One year later, Wang et al. (2006) developed a variation of this previous NP with a hydrophobic cholesterol core, to uptake poorly water soluble drugs, and coated with a cationic polymer shell, to strongly attach to cell membranes, for the co-delivery of paclitaxel and a cytokine, the interleukin 12-encoded plasmid. The in vivo synergistic anticancer effect was demonstrated in a breast cancer model in mice. It showed that the tumour growth rate in mice treated with paclitaxel-loaded NP/IL-12-encoded plasmid complexes was significantly lower than that in the mice treated with either of the therapies alone (Wang et al. 2006). Apart from this, many other reports and reviews can be found easily in the literature highlighting the intense research efforts on this topic (Gao et al. 2015b; Kemp et al. 2016; Mi et al. 2012a; Shi et al. 2017; Zhang and Zhang 2016). Co-delivery of drugs has shown also better perfomance in overcoming cancer therapy resistance. For instance, the cocktail delivered with an acid-degradable core–shell NPs (MnSOD siRNA-delivering NPs made of a siRNA/poly(amidoamine) dendriplex core and an acid-degradable polyketal shell) was proved in reversing tamoxifen resistance (tamoxifen is an oestrogen receptor modulator agent that prevents oestrogen from binding to the oestrogen receptor and blocks breast cancer cell growth resistance in breast cancer (Cho et al. 2013) and rituximab-coated biodegradable polymer NPs loaded with both hydroxychloroquine and chlorambucil were proved to restore the sensitivity of chronic myelogenous leukaemia cells to cytotoxic targeted drugs (Mezzaroba et al. 2013), among many others.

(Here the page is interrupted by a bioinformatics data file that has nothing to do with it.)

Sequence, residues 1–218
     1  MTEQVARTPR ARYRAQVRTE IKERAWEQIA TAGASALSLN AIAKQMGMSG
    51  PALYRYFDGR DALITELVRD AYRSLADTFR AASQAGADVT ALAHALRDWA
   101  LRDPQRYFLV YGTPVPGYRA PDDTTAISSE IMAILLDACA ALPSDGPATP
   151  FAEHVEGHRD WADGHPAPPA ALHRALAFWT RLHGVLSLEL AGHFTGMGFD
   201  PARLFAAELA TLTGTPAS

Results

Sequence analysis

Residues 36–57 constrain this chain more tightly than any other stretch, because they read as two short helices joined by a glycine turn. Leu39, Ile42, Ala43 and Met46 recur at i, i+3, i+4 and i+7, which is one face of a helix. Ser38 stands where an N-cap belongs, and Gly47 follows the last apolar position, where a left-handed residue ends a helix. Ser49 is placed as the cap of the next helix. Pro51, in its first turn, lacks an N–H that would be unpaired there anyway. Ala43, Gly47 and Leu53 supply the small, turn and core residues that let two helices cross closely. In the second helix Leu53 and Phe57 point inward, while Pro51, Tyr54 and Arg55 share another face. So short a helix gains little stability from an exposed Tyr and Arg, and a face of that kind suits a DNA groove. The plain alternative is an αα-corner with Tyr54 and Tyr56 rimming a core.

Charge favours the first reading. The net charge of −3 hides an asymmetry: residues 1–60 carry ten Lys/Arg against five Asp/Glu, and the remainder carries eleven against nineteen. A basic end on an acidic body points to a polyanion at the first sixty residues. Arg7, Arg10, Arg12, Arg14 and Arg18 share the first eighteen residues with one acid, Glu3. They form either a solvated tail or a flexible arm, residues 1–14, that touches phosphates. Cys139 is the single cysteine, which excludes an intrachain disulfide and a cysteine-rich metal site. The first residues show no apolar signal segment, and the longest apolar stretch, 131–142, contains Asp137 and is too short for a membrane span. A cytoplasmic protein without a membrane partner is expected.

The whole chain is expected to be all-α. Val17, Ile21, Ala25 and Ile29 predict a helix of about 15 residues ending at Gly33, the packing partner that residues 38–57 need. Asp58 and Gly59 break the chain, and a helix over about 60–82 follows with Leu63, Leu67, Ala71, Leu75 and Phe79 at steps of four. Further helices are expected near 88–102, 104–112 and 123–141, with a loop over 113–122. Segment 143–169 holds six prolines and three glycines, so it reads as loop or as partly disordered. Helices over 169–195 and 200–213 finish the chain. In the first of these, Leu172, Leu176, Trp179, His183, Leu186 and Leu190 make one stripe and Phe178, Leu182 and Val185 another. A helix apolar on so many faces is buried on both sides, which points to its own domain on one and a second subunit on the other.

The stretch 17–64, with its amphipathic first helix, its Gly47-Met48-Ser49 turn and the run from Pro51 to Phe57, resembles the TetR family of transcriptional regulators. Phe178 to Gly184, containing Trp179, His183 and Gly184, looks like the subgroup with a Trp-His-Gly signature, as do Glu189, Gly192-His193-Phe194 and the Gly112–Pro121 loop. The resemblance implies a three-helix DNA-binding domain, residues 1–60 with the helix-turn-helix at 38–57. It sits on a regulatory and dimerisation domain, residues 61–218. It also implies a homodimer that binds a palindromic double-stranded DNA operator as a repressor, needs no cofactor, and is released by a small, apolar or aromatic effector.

Following to these ones, other studies started to focus on the co - administration of chemotherapy, gene therapy and immune therapy (Liu et al. 2011, 2014) agents using various carriers, which include inorganic NPs, peptides, liposomes, and polymeric NPs (Yuan et al. 2016). Regarding the use of inorganic NPs, recently, the study of Wu et al. (2017) used Buthionine sulfoxamide (BSO) to inhibit glutathione synthesis and celecoxib to down-regulte P-gp expression. Both molecules were co-loaded in polymer/inorganic hybrid NPs to form buthionine sulfoximine/celecoxib@biotin-heparin/heparin/calcium carbonate/calcium phosphate NPs (BSO/celecoxib@BNP). A reversal of MDR in the drug-resistant cells (MCF-7/ADR) pretreated by the dual-inhibitor loaded NPs was observed. Using other nanostructured systems, Gao et al. (2017) developed a pH-sensitive mixed micelles composed of HA and TPG copolymer to overcome MDR. These micelles increased intracellular uptake, (via CD44) receptor-mediated endocytosis, and further enhanced the drug accumulation in MCF-7/ADR cells and the reduction of the mitochondrial potential and ATP levels in cells. The copolymer micelles have been demonstrated to be a potential nanocarrier to overcome tumour MDR (Gao et al. 2017).